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SimPrints wins £250,000 from Gates Foundation to develop fingerprint scanner


UK start-up SimPrints announced it has received a £250,000 grant in funding to develop a fingerprint scanner that some are calling a “game-changer” in global healthcare, according to Cambridge News.

The grant comes from Saving Lives at Birth Grand Challenge, which is funded by the Bill and Melinda Gates Foundation. Cambridge’s ARM has partially matched this grant with an additional US$150,000 in funding.

The Saving Lives at Birth challenge awards funding to the most promising technological advancements in combating maternal and neonatal mortality in the developing world.

The judges selected SimPrints biometric fingerprint scanner, which provides access to health records via fingerprint identification, resolving the ongoing issue of delivering mobile services within the healthcare sector in developing regions.

“This funding is a huge opportunity for us to attract talent and accelerate our development, so that we can build and optimise every technical aspect of this system to address global health challenges,” said co–founder and Gates Cambridge scholar, Daniel Storisteanu.

The portable fingerprint scanner and software integrates with any mobile health application to accurately identify patients and access their records, in real-time, via fingerprint identification.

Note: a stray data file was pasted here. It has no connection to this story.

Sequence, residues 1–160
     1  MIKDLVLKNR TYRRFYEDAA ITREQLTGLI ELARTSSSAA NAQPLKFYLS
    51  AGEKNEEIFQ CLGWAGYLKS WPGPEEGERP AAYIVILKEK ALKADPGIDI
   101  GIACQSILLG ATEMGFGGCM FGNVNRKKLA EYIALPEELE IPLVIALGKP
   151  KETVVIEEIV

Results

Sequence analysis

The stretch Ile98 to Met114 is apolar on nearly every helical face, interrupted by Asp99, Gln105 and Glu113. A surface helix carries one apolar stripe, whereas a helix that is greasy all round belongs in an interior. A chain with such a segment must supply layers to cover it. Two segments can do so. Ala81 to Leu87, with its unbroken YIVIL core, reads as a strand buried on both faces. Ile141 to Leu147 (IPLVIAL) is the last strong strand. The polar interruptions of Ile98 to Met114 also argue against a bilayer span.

The scanner prevents cases of misidentification that are caused by common community names or unknown dates-of-birth, as well as data loss or damage and the inability to access information as a result of paper-based health records.

SimPrints has partnered with the Johns Hopkins University Global mHealth Initiative and the BRAC, a Bangladesh-based NGO, in using the seed funding to optimize their fingerprint scanner and undergo a pilot study in Bangladesh.

“This is a very exciting initial investment into a promising technology that addresses a key bottleneck in global health programmes,” said Dr Alain Labrique, director of the Johns Hopkins University Global mHealth Initiative. “As we struggle to identify ways to strengthen vital registration systems that improve our ability to deliver care to every person who needs it – knowing who someone is and being able to pull up their health record is a real game changer for the footsoldiers of global health.”

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